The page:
intent_schema

After identifying the function for the Alexa skill to execute in the lambda function we then need to link this to a human request that will trigger this linkage. To do this we leverage utterances.

Utterances

Amazon Echo leverages an organized and structured text file that maps intents to the skills by leveraging a mapping file of likely utilized phrases called utterances. My app is really simple. In fact, to get it going, I’ve stripped out anything that might be asking for more than just triggering my lambda function. To trigger the lambda function my intent looks for any of the following utterances. Each line of the utterances file always beings with the intent, in my case “GetBusTime” and then ends with what you might expect a user to ask (the utterance).

Click Next and we’ll move onto a page that allows us to use a Amazon Resource Name (ARN) to link to AWS Lambda.

Linking to AWS Lambda:

Adding_an_ARN_Endpoint

Before we can add the ARN to our Alexa Skill we need to create the Lambda function that the ARN references. To do this, login to your AWS Management Console (separate from the Alexa Developer Console) and click Lambda under the Compute section

click_lambda

Click Create a Lambda function:

create_new

Filter for alexa and select “alexa-skills-kit-color-expert-python”

filter

Under the Event source type select “Alexa Skills Kit” and select Next

alexa_skills_kit

On the Next Screen we’ll configure our function:

Under Name/Description enter something that identifies the lambda function to you. I’m using bus_python_lambda for my name and left the description blank.

configure_funtion

Under Lambda function handler and role, I’ve entered lambda_function.lambda.handler and created a new basic execution role:

role

On the next page accept the defaults to create a new IAM role and Policy Name and click Allow:

IAM_Role

From here, it’s time to enter our python (or edit the python that exists) to work with our Alexa Skill. Before doing so, take some time to have a look at the sample color application to understand what each function in the example is doing. I’ve simply modified each of these functions to suit my but tracker application’s purpose. Let’s take a look at the code that I’m using for the app:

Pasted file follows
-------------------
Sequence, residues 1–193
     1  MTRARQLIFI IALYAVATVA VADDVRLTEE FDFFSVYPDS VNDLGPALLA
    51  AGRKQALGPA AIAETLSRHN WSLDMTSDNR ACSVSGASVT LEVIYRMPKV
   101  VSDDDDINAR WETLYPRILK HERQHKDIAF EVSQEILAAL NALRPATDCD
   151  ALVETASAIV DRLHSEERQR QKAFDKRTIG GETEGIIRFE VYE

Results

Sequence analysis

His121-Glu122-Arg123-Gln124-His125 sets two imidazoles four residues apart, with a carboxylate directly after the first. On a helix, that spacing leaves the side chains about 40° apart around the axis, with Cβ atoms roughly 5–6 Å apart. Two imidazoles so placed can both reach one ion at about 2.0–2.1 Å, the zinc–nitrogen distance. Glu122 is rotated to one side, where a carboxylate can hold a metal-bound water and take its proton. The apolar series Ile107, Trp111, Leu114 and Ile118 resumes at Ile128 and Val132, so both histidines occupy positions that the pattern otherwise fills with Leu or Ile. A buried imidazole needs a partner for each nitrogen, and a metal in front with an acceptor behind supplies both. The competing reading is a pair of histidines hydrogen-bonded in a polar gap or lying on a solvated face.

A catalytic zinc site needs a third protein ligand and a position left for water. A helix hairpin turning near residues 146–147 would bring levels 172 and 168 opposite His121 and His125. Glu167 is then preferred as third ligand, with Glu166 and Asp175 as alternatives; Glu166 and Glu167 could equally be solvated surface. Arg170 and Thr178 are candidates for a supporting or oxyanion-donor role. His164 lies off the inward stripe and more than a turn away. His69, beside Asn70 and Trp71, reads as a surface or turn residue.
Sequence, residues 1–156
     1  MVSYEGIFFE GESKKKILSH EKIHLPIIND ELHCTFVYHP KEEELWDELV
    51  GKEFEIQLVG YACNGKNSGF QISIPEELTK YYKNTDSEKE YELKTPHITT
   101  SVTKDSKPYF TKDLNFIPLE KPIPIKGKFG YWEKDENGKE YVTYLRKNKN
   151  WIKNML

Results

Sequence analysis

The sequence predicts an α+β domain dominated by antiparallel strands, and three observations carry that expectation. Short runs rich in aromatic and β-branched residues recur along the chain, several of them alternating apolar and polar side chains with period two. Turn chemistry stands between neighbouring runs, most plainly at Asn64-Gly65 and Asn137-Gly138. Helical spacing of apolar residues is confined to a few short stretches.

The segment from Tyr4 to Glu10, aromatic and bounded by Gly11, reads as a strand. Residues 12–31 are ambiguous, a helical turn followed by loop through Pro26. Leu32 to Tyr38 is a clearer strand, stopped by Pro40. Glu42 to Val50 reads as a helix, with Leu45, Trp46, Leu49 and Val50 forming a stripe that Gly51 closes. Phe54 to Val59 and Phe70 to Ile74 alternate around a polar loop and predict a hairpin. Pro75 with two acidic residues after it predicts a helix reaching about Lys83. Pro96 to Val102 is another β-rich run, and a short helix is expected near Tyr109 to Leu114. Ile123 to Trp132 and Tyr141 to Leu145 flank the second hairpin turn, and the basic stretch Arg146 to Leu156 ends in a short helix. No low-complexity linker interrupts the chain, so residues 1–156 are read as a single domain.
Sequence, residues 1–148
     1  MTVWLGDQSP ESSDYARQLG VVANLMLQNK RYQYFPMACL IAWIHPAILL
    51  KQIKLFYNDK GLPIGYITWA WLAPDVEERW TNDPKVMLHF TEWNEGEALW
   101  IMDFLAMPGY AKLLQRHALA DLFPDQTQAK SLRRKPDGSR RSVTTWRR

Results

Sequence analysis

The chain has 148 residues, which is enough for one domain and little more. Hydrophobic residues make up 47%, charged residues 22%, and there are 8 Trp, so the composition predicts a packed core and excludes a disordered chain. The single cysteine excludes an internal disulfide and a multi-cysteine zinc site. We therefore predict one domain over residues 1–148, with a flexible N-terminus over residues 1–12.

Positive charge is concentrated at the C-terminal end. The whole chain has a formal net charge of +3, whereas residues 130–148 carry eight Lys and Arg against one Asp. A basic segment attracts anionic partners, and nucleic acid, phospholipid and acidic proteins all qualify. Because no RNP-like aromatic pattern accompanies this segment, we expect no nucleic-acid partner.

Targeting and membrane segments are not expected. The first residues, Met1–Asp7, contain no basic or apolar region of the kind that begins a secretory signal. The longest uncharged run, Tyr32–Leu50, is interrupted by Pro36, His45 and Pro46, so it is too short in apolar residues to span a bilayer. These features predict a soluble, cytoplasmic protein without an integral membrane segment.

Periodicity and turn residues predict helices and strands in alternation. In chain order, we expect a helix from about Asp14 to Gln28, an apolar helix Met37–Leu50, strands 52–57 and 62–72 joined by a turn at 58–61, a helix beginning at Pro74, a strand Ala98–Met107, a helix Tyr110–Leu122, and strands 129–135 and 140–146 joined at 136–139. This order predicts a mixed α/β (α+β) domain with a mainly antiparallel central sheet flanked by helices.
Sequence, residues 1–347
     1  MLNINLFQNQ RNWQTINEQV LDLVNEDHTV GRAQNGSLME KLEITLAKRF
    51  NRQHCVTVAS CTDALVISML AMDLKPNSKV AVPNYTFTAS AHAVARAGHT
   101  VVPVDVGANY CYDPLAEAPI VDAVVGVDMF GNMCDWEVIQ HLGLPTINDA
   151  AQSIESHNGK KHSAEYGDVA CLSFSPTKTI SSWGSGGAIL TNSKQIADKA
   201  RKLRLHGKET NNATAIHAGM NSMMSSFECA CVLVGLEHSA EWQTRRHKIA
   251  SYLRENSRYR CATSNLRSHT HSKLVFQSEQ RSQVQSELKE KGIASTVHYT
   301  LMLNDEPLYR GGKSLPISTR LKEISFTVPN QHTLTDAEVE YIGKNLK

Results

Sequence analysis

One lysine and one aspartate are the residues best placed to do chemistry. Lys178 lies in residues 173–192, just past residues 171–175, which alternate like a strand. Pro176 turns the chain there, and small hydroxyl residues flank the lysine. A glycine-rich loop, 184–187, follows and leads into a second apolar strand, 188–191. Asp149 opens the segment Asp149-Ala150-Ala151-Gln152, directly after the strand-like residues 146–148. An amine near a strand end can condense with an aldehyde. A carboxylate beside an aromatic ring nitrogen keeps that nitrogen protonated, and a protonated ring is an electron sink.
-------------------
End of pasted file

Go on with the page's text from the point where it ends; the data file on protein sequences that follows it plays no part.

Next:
My Really Bad Python Code:

To this point we’ve created all of the linkages for our Alexa Skill that we can create without writing a bit of code. Below you’ll find my python lambda code. Couple of small notes:

  • The majority of the work for the application happens in the get_bus_time function.
  • You’ll note that you’ll need to get an API key from the CTA to make everything work and that for right now my code is statically set to the southbound #22 bus at a stop on Clark and Byron in Chicago Illinois.

 

"""
This sample demonstrates a simple skill built with the Amazon Alexa Skills Kit.
The Intent Schema, Custom Slots, and Sample Utterances for this skill, as well
as testing instructions are located at http://amzn.to/1LzFrj6

For additional samples, visit the Alexa Skills Kit Getting Started guide at
http://amzn.to/1LGWsLG
"""

from __future__ import print_function
import urllib2
import xml.etree.ElementTree as etree
from datetime import datetime as dt

def lambda_handler(event, context):
    """ Route the incoming request based on type (LaunchRequest, IntentRequest,
    etc.) The JSON body of the request is provided in the event parameter.
    """
    print("event.session.application.applicationId=" +
          event['session']['application']['applicationId'])

    """
    Uncomment this if statement and populate with your skill's application ID to
    prevent someone else from configuring a skill that sends requests to this
    function.
    """
    # if (event['session']['application']['applicationId'] !=
    #         "amzn1.echo-sdk-ams.app.[unique-value-here]"):
    #     raise ValueError("Invalid Application ID")